VW’s Voltswagen Pre-April Fools’ Rebranding Just Got Grounded
Volkswagen’s U. S. subsidiary just couldn’t resist
In what was perhaps the worst attempt at an April Fools’ joke, Volkswagen issued a press release a day ago (that has since been taken down) declaring the name change of its American division to “Voltswagen.” It was a marketing stunt intended to draw consumers to the solitary EV vehicle in the automaker’s exhaustive lineup of commercial automobiles. And while Volkswagen did get the media’s attention, most of it wasn’t positive.
Sources familiar with the matter informed Reuters of an announcement on Wednesday stating that Voltswagen was, in fact, a corporate prank. This isn’t the first time a brand has renamed itself (IHOP’s notorious IHOb burger campaign comes to mind).
But this is perhaps the first time that a prank has been done off-season, albeit by a few days. With projections of over 26 million electric vehicles (EVs) on the roads by 2030, it’s no surprise why Volkswagen decided to try the shock marketing approach (I’m sorry).
“This name change signifies a nod to our past as the peoples’ car and our firm belief that our future is in being the peoples’ electric car.”— Scott Keogh, CEO of Volkswagen America (press release no longer available)
In an email to The Washington Post, Volkswagen spokesman Mark Gillies noted that “There will be no renaming of Volkswagen of America.” The alleged renaming attempted to pitch the all-electric ID.4 SUV to EV enthusiasts but ended up hurting the German automobile giant’s public image.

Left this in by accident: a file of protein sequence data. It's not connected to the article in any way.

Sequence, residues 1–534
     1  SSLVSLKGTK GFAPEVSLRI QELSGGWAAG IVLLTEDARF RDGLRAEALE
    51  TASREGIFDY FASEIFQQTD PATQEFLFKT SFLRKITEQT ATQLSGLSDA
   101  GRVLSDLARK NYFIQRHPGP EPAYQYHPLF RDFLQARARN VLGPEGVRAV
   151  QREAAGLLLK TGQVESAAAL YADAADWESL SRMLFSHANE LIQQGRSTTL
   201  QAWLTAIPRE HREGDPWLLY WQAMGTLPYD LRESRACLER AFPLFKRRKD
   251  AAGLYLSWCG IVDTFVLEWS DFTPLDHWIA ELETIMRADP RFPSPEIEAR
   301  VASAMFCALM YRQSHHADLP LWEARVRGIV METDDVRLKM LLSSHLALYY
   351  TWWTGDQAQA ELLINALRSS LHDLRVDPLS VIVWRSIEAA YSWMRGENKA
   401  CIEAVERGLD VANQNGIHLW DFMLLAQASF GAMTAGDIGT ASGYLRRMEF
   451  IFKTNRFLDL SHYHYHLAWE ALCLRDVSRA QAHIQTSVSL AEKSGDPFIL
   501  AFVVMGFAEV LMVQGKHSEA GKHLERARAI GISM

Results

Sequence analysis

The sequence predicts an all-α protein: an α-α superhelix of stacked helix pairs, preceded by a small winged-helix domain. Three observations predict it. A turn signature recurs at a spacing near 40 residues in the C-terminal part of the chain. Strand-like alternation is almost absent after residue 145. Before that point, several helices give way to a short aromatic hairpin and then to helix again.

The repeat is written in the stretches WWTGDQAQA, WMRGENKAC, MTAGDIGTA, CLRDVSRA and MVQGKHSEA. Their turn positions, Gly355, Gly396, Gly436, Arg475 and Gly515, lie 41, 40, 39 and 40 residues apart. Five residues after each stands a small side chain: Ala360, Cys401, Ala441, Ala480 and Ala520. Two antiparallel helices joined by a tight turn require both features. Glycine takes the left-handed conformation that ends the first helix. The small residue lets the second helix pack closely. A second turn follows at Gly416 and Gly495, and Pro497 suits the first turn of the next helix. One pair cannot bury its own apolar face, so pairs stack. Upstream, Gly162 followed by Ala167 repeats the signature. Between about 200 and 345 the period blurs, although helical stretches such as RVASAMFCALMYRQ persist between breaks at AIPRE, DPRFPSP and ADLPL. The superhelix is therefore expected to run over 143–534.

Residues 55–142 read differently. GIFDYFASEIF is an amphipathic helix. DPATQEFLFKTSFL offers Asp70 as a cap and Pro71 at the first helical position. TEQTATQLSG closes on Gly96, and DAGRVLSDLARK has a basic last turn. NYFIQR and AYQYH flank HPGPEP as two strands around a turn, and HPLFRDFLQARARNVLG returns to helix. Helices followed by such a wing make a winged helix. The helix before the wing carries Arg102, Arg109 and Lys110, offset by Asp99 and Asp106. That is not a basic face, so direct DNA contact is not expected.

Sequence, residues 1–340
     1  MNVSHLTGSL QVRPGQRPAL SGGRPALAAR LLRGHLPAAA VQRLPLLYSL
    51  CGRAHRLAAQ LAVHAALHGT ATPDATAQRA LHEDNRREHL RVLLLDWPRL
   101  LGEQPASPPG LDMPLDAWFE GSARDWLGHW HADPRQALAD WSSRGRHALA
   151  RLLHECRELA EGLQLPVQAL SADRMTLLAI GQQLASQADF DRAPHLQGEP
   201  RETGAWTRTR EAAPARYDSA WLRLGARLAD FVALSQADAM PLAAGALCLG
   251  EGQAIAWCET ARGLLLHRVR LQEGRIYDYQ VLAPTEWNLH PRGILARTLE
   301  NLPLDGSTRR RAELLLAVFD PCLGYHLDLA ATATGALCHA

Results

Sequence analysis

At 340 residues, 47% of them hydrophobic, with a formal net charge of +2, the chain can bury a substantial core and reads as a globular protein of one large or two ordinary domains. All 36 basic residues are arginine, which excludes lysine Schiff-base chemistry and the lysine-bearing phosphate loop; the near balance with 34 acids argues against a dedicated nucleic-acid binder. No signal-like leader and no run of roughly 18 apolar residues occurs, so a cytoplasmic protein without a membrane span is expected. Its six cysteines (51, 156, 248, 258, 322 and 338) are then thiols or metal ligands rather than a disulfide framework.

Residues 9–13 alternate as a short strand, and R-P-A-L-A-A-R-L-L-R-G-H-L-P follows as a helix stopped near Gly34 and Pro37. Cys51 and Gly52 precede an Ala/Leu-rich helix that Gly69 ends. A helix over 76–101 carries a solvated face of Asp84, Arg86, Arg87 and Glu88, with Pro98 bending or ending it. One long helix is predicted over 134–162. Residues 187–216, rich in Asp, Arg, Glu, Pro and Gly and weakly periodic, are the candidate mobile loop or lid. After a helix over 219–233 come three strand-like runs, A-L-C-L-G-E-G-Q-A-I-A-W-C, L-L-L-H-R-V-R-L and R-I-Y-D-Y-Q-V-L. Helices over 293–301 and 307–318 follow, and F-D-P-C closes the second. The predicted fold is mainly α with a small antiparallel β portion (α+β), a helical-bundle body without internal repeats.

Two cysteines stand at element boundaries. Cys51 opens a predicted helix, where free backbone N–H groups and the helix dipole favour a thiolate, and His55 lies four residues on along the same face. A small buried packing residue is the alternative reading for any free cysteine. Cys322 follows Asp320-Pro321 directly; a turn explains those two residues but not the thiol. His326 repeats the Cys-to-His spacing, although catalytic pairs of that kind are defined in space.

The resulting social media attention has been polarising, to say the least. And while it has got us talking, Volkswagen’s risk hasn’t really paid off. There are better ways of establishing a commitment to EVs, like General Motors’ promise to sell only zero-emission vehicles by 2035. Don’t get me started on their plug-esque app icon rebranding though.
I wonder why Volkswagen couldn’t wait for a day or two. The move would have been seen in a far more forgiving light on April Fools’ Day.
The prank followed by VW’s immediate pivot serves as a cautionary tale for organizations’ cheeky marketing strategies. While outrage over rebrands is nothing new in 2021, confusing customers before pulling a 180 shows us that we all learn something new every day. As a German auto powerhouse with a heritage of several decades in the industry, critics and fans alike aren’t going to let “the peoples’ car” get away with it.